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The Type-S makes a comeback to the Acura TL lineup for the 2007 model year. With a more powerful V-6 engine than the standard TL, stiffened suspension, and a host of telltale custom design cues including 10-spoke alloy wheels, a front air dam, and quad-outlet chrome-tipped exhaust pipes, the Type-S makes its sporty intentions clear. The cabin is packed with all that Acura's technology labs have to offer, with a voice-activated, traffic-enabled navigation system, Bluetooth hands-free calling, and a surround-sound audio system all standard. In our week with the car, we put its tech and performance to the test: most of it, including much of the onboard gadgetry, impressed us; some of it--such as the automatic transmission--didn't.
Test the tech: Jamming with XM NavTraffic
For our tech test of the Acura TL Type-S, we decided to focus on the car's real-time traffic XM NavTraffic information service. Offered for the first time in the TL for the 2007 model year, XM NavTraffic uses the same satellite infrastructure as XM Satellite Radio to deliver what Acura calls "up-to-the-minute" traffic information. The system's most prominent feature is its color-coded highway information, which informs drivers of the current speed on major routes with different colors indicating different traffic speeds: green for speeds more than 40mph, orange for speeds between 20mph and 40mph, and red for speeds of less than 20mph. We have seen this feature on a number of high-end models over the last couple of years, including the 2006 Acura RL and the 2007 Lexus LS 460L (both of which won CNET's Editors' Choice award). To thoroughly test the NavTraffic function, we found ourselves planning one of the most counterintuitive things we have ever done behind the wheel: trying to get stuck in traffic.
Not only did we want to find the densest congestion available, we also were interested in finding our way to any specific incidents and accidents that were showing up on the NavTraffic system. Between the gridlock and the ambulance chasing, we were clearly in for a morning rush hour of high entertainment on the maze of highways around the San Francisco Bay Area.
Scanning the freeways south of the city using the navigation system's scrolling function, we spotted a warning icon on southbound Route 80 at Army Street and Potrero Avenue. Drivers can get more detail on a specific traffic incident by moving the crosshair (controlled by a joystick beneath the screen) over the yellow diamond and clicking. In this case, we were told there was an "object on the roadway," and traffic was shown moving at orange speed (between 20 and 40mph). This seemed like the ideal way to start our morning. However, approaching the supposed incident spot at 70mph, we found no evidence whatever of an object on the roadway, and we passed right through the yellow warning icon on the navigation system's map at full highway speed.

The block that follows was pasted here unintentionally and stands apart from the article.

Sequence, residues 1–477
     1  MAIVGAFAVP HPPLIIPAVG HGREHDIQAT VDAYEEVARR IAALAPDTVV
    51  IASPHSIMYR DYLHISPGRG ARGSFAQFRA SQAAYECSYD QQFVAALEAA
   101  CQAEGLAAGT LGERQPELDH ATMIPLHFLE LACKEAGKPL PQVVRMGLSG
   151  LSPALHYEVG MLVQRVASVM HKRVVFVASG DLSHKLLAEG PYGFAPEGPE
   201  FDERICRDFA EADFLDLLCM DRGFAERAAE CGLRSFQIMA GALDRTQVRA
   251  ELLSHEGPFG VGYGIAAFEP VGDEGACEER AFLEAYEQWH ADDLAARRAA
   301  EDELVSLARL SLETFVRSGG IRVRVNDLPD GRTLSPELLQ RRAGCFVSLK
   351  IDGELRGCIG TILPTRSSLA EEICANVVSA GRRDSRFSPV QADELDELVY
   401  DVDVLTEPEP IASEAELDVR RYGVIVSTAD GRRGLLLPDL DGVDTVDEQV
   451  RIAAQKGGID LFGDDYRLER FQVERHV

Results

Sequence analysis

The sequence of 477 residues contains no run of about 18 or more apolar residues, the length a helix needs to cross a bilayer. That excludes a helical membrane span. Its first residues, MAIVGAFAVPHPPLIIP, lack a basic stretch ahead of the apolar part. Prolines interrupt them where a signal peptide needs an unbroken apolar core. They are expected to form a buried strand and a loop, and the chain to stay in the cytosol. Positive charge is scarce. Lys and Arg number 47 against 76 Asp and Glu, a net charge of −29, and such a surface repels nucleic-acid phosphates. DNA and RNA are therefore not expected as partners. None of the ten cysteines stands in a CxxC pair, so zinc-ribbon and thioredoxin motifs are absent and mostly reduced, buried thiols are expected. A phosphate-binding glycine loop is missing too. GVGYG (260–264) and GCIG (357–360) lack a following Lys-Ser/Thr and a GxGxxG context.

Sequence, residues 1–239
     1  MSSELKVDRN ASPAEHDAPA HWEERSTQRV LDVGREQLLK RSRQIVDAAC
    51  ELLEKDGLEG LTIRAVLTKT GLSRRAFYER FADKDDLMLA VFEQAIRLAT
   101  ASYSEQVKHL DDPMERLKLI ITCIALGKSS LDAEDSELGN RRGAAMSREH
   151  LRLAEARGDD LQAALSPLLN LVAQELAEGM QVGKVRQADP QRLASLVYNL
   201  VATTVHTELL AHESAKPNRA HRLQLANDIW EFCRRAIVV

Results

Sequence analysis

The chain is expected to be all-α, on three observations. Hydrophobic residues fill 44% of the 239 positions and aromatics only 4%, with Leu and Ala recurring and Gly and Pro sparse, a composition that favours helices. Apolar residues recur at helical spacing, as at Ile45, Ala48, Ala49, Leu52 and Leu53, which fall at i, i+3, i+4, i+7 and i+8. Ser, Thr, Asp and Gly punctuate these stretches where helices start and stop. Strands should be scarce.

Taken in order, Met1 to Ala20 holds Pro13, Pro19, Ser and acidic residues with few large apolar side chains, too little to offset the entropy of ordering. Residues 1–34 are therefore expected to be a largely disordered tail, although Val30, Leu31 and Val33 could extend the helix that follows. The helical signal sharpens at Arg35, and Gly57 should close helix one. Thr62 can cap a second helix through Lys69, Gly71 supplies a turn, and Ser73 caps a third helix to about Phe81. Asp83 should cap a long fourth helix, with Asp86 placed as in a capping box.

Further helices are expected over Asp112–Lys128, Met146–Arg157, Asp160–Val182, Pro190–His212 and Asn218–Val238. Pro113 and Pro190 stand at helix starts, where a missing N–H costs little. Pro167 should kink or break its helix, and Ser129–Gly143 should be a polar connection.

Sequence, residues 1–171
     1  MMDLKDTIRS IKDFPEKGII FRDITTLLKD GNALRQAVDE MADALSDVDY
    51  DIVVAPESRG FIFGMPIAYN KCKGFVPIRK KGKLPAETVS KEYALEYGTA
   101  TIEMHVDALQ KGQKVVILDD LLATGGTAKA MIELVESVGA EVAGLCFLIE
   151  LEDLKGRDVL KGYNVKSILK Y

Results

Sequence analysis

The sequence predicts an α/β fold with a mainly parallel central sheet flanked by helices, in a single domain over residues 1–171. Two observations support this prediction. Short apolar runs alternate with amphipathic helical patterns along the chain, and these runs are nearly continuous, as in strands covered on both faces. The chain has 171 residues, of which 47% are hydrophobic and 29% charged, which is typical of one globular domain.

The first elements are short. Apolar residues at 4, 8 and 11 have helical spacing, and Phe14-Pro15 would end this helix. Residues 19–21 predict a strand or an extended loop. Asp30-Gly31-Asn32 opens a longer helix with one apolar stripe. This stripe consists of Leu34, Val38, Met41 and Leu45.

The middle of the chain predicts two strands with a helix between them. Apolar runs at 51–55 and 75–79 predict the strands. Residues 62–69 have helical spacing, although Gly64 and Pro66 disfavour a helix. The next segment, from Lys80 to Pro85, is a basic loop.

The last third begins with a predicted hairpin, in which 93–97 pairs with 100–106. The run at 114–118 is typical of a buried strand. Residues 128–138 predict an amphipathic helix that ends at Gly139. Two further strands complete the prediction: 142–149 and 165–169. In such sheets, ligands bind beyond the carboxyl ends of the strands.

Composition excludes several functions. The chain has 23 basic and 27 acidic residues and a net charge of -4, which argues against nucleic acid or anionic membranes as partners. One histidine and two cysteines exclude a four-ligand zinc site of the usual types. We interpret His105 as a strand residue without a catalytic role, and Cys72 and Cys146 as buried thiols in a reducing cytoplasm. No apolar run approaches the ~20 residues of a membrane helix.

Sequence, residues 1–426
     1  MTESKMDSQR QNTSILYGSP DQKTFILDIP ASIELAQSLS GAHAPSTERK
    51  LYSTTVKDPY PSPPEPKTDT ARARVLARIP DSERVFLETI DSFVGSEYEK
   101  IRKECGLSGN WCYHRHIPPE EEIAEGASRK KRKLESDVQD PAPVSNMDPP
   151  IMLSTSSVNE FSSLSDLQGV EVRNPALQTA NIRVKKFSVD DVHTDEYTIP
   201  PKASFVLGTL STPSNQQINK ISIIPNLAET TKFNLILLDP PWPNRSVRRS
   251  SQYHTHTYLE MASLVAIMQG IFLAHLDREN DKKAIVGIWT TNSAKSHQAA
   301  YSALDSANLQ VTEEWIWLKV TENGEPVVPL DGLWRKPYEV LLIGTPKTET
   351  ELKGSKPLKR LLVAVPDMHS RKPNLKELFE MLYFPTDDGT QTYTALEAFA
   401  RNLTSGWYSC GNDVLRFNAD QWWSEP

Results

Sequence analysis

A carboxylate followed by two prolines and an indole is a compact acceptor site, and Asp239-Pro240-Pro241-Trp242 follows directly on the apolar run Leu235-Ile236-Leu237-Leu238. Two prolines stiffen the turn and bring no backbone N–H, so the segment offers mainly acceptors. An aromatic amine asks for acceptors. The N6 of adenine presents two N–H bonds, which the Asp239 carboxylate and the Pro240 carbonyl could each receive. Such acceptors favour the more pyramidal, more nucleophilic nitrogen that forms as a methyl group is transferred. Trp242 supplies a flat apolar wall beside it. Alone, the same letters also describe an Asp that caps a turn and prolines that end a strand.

The next stop on our morning commute was another hotspot, this time labeled as an accident on Highway 280 heading south toward Daly City. We set our sights on this trouble spot and headed toward the supposed accident. When we arrived, however, we found there was nothing to be seen: yet again, the XM NavTraffic information was outdated. Zero out of two: not a great scorecard for traffic incidents so far.
Next, we decided to test the color-coded traffic-speed information by making our way back into San Francisco north on Highway 280 in the middle of the morning rush hour. About 10 miles south of the city, the map screen showed green roads, which was accurate as we cruised along in heavy, but fast-moving traffic. Within five miles of the city, the map started to display orange roads all the way to the highway exit, suggesting the traffic was slowing to below 40mph; however, the reality was the traffic speed remained constant at about 60mph way past the start of the orange-labeled road. Finally, within about one mile of the freeway exit, traffic suddenly backed up, and we found ourselves in stop-and-go traffic, at speeds less than 20mph. If the NavTraffic was accurate, this last section of the freeway would have been shown in red. Again, the traffic service proved to be far from "up to the minute." Most other incidents and traffic were reported accurately, including a red diamond warning for construction on the Bay Bridge and patches of slower traffic on Route 580 toward Oakland. Overall, we found NavTraffic a nice-to-have feature, but not one we could rely on for exact traffic information.
In the cabin
The cockpit of the 2007 Acura TL Type-S is a cross between typical Acura comfort and standard sporty design language. While it does feature leather seating (standard on all Acuras), the cabin is not sumptuously appointed. Dash materials are a mixture of soft black plastic, hard silver plastic, and charcoal-gray carbon fiber trim.
The TL Type-S's central stack is dominated by a massive LCD touch screen, which is the focal point for most onboard tech systems, including navigation and audio control. In navigation mode, the screen shows bright, colorful maps, which are clear and easy to read at a glance, albeit with blocky graphics and road-name fonts.
Acura's navigation system never ceases to impress us with its voice-recognition capabilities. In addition to its touch screen programmability for destinations, the system can understand spoken addresses with consistent accuracy. For points of interest, the system cannot understand spoken location names, but drivers are given the option of entering destinations by spelling them out letter by letter.